Just hours before the arrival of US Treasury Secretary Janet Yellen in Beijing, China's defense ministry issued a stern warning aimed at Washington and its support for Taiwan. Col. Tan Kefei warned that the US is turning Taiwan into a "powder keg".
This was specifically in response to the Biden White House's latest approval of new arms deals for the self-ruled island, in sales worth $440 million. "China is firmly opposed to US arms sales to Taiwan and has lodged stern representations with the US," the Chinese military statement began. Certainly the timing of the statement is also aimed at reminding the newly arrived US delegation led by Yellen of Beijing's highest priorities and 'red lines'.
"We urge the US side to abide by the one-China principle and the three China-US joint communiqués, immediately cease arms sales to Taiwan, stop any form of military collusion with Taiwan, earnestly fulfill its commitment to not support 'Taiwan independence', and stop going further down the wrong and dangerous path," Tan said.
"This is tantamount to accelerating the transformation of Taiwan into a 'powder keg' and pushing the Taiwanese people into the abyss of disaster," he added. "China is firmly opposed to US arms sales to Taiwan and has lodged stern representations with the US."
The new arms deal, approved by the State Department last week, include $332.2 million in 30mm ammo and other equipment, as well as $108 million for spare defense parts. The blistering military statement was issued Wednesday, the day before Yellen's plane touched down in Beijing on Thursday.
Treasury said days ago in the statement announcing her trip, "While in Beijing, Secretary Yellen will discuss with [People’s Republic of China] officials the importance for our countries — as the world’s two largest economies — to responsibly manage our relationship, communicate directly about areas of concern, and work together to address global challenges."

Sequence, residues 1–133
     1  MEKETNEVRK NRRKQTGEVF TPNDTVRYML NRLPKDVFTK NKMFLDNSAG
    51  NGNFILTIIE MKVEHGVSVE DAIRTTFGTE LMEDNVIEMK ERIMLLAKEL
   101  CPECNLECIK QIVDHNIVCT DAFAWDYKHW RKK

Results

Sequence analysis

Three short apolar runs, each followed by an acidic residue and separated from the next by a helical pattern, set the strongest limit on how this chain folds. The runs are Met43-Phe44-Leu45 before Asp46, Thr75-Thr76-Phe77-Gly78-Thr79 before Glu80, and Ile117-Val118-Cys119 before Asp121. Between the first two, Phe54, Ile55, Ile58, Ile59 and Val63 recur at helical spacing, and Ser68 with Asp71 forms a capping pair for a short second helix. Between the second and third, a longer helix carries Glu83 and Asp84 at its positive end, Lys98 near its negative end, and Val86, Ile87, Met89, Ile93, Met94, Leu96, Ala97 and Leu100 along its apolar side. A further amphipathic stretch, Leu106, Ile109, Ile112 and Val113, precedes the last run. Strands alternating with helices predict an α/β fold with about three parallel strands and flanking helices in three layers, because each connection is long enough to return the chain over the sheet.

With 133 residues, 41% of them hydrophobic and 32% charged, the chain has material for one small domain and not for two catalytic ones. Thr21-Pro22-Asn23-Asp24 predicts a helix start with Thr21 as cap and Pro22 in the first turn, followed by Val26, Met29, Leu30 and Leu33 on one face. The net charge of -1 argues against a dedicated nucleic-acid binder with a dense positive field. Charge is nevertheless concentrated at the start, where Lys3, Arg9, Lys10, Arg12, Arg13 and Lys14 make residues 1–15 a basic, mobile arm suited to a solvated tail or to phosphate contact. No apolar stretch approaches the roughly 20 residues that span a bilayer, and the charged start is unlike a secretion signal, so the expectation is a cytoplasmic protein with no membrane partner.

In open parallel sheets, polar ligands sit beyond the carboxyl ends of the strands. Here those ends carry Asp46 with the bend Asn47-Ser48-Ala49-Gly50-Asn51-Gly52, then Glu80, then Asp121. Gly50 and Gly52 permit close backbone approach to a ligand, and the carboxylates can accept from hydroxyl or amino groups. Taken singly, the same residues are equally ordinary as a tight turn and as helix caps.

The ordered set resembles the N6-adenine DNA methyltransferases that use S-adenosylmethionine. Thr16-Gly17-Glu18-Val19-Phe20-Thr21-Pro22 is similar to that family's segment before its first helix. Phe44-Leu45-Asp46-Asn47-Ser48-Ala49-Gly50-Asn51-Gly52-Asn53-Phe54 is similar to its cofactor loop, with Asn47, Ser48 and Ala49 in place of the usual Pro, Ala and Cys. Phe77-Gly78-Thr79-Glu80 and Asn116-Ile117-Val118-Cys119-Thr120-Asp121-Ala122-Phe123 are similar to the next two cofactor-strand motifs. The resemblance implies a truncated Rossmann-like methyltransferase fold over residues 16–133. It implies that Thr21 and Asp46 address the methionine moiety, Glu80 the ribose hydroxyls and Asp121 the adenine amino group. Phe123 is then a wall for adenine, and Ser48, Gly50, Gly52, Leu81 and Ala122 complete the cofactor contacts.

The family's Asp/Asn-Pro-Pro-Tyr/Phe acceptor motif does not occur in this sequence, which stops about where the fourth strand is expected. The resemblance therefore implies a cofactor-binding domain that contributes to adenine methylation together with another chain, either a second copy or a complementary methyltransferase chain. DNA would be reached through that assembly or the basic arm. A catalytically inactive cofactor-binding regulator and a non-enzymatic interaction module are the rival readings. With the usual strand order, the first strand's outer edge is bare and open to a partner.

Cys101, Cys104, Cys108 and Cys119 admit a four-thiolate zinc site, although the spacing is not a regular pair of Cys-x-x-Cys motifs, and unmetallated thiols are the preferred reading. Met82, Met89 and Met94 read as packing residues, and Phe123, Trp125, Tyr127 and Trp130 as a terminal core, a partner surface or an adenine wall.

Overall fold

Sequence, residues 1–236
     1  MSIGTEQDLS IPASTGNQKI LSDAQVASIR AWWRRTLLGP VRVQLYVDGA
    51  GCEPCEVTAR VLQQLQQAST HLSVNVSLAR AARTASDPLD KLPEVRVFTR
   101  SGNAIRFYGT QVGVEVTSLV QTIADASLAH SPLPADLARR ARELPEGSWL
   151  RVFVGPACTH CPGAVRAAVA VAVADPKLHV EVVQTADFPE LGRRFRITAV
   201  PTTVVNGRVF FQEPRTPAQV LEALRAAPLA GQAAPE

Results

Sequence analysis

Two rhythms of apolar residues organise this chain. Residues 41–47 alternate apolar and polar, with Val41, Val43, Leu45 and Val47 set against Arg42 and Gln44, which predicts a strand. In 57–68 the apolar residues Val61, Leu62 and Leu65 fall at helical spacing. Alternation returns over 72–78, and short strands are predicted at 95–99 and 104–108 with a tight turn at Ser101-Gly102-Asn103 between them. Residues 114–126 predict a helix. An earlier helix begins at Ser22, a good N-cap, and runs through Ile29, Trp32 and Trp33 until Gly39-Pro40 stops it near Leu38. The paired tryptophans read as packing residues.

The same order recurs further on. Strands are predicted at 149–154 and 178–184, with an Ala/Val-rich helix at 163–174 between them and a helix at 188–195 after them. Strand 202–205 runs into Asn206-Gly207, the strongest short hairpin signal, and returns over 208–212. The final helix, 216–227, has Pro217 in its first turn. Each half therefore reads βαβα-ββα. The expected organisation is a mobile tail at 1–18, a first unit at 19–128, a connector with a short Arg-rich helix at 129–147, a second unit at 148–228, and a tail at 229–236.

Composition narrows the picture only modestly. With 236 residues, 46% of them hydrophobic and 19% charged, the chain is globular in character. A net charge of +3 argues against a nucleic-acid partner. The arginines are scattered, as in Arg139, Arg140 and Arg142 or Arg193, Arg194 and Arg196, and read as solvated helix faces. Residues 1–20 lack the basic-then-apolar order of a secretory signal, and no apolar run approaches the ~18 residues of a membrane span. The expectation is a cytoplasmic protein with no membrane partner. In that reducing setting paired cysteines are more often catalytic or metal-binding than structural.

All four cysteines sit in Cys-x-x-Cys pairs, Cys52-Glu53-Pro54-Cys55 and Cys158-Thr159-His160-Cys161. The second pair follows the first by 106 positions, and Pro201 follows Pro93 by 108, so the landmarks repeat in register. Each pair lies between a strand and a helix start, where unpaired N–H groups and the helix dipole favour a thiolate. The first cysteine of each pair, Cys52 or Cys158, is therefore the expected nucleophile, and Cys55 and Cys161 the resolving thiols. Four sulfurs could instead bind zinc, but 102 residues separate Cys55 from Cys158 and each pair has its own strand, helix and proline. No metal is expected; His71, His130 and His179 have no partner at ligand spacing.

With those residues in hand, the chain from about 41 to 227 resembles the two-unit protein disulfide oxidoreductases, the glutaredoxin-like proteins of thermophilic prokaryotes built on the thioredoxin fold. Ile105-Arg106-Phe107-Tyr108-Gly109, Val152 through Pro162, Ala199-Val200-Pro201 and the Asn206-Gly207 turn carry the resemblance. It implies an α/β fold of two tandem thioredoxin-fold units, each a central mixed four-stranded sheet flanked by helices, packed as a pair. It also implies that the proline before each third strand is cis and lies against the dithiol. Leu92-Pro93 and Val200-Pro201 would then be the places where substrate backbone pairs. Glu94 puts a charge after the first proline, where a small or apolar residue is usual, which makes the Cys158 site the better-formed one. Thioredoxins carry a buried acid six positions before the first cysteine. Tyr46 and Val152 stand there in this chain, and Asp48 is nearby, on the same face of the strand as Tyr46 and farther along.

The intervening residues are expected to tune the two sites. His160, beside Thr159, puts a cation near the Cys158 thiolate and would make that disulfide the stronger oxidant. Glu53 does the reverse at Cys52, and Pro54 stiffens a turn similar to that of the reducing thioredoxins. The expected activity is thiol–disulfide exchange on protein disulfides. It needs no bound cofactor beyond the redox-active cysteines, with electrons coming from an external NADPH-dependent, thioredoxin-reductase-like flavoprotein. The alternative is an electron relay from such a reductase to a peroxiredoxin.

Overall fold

The New York Times previewed of her three-day trip, the main meetings of which are expected to begin Friday:
The Treasury secretary arrived on Thursday afternoon and was greeted on the tarmac at Beijing’s airport by Yang Yingming, director general of China’s finance ministry, and R. Nicholas Burns, the U.S. ambassador to China.
During her first full day of meetings on Friday, Ms. Yellen will meet with Liu He, China’s former vice premier, and Zhou Xiaochuan, the former governor of the People’s Bank of China. Later Friday, Ms. Yellen will meet with Premier Li Qiang at the Great Hall of the People. The Treasury secretary will also participate in a round-table discussion with officials from the American Chamber of Commerce in China to hear about the challenges that U.S. companies are facing in China.
At the start of this week the Chinese government hit back at the Biden administration's recently imposed export curbs on select materials which are crucial for advanced semiconductors and chip-making machinery. China on Tuesday just put in place its own export curbs on two rare metals - gallium and germanium - commonly used in computer chips and solar cells.
The NY Times underscored ahead of the first round of meetings in Beijing, "For Ms. Yellen, the challenge will be to convince her Chinese counterparts that the bevy of U.S. measures blocking access to sensitive technology such as semiconductors in the name of national security are not intended to inflict harm on the Chinese economy." The report added, "That will not be easy, as both countries continue to erect new barriers to trade and investment."